In the third stage, consumers could type the texts they wanted to express themselves and choose the products. After generating the patterns, the consumer chose their background colors. The final pattern design could be generated randomly, and consumers could select their preferred patterns for digital printing and the final fashion product.
Systemization of personalized fashion design phases
Schema of the algorithm
The participants’ emotional data was matched to their performance forms in the first phase. Figure 1 illustrates how participants created 2D patterns for each emotion and chose colors for each pattern to create a visualization effect diagram depicting each emotional dimension. Depending on the intensity of the emotions, the data could be graded from two to nine. For example, in the case of happiness, a number on a scale of two to nine degrees for the intensity of the emotion can be chosen and plotted with an effect diagram (see Fig. 1).
When discussing the relationship between data and design elements, the generated graphics were used to display design elements such as shapes and colors, as presented in Fig. 2. The first icon used the primary color to represent the seven emotions from Plutchik’s (1980) emotion model. As illustrated in Fig. 2A, these primary forms appear only in situations involving emotional factors. The colors in the design factors did not change when there were adverbs of degree, and the original pattern displayed an expanded outline, as depicted in Fig. 2B. When negative factors were present, the generated patterns remained unchanged, and only the colors were altered by chroma reduction, as shown in Fig. 2C.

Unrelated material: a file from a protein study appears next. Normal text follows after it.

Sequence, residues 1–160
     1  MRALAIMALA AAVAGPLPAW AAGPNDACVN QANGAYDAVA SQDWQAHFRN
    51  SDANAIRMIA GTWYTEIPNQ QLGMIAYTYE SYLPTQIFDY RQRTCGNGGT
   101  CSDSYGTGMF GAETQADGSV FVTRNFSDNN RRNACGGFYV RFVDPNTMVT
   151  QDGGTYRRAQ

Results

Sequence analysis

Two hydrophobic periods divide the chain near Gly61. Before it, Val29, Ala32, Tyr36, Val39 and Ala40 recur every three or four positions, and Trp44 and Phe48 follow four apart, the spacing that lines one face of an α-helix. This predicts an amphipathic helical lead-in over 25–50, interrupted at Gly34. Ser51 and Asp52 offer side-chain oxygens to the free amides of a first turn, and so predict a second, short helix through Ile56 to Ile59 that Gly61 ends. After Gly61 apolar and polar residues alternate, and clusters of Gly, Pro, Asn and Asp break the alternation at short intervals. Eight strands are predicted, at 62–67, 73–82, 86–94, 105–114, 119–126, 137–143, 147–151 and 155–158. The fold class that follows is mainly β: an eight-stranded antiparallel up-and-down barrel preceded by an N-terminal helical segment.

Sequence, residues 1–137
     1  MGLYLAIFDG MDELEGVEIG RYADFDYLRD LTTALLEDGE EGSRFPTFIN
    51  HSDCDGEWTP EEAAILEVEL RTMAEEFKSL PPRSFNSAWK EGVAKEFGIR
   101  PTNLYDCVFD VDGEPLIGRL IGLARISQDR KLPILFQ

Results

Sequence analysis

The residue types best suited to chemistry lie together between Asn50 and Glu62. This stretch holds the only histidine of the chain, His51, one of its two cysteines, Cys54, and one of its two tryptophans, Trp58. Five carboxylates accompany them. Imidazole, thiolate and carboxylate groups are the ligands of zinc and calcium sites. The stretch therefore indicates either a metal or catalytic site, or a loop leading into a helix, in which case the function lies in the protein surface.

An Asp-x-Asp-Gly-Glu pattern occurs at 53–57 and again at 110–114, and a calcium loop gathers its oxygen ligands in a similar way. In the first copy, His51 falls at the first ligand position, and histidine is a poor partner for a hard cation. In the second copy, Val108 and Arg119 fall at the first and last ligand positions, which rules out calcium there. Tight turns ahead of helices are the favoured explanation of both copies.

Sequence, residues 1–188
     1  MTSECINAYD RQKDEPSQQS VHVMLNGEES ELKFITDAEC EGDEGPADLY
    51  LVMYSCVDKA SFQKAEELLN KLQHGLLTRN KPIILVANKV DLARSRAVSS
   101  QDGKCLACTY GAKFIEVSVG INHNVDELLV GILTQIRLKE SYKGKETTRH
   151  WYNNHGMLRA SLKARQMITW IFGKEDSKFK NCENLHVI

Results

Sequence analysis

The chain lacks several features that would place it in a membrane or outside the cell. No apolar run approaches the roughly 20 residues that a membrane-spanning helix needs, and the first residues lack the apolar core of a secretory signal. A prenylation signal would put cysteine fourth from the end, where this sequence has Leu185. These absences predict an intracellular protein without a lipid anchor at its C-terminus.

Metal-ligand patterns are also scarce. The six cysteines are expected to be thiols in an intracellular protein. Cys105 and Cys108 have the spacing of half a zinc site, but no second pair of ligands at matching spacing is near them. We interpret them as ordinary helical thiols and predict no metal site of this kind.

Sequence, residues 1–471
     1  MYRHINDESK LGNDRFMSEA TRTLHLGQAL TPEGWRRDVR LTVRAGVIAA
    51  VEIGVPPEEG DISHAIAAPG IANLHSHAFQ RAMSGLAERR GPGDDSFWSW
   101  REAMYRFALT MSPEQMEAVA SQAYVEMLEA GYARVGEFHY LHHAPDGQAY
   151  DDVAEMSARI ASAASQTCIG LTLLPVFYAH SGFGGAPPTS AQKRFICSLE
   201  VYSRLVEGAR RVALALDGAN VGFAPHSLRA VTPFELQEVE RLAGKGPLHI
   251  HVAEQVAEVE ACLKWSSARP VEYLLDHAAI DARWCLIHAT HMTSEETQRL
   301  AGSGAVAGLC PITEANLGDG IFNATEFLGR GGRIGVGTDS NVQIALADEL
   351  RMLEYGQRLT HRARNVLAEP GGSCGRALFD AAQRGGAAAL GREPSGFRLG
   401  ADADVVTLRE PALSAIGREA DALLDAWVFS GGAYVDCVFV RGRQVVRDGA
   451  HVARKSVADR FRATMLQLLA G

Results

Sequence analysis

The programming phase entailed converting the algorithm architecture in the first stage into a program and writing the front- and back-end sections separately using P5.js software. Its front-end interface allowed consumers to individually select the colors and shapes of the patterns or input data information to customize their patterns. For example, after entering a paragraph into the input box, the back-end could recognize emotional information as well as other factors and then perform a series of calculations based on this information. Using the system’s automatic recognition, product shapes in the front-end could be produced into corresponding patterns with random layouts; these patterns, along with repeated confirmations, were set in the coding for the back-end program. Consumers could thus choose the final generated pattern to achieve data visualization capabilities via repetitive and random pattern outputs. Following the design process, the visualized patterns were created and printed.
Implementation of personalized design program
Figure 3 depicts the three design implementation phases of the personalized design system: consumer, algorithm, and producer. The interface for the personalized design system was created using the P5.js consumer interface, comprising three modules: selecting items, selecting a background color, and typing the message. The participant selected a background color and typed the messages as part of the first phase of consumer participation. Scarves, perfume labels, packaging boxes, and greeting cards were among the items that could be adapted for emotional visualization. In the second phase, structured algorithms were used to convert the emotional words in the message into symbols. The consumer’s input messages validated the emotional intensity, and whether the symbols’ shapes and colors match. The symbols were randomly arranged and placed in the pattern design section by the structured algorithm. After the consumer confirmed the personalized pattern designs using emotional symbols, the final patterns were applied to the selected items. Customers were able to preview the final interface design. In the third phase, the items mapped to the pattern designs were e-mailed to the digital textile printing producer. After printing the fabric and paper, the manufacturers created the items.
Developing personalized designs using emotional data visualization method
Scarf design sets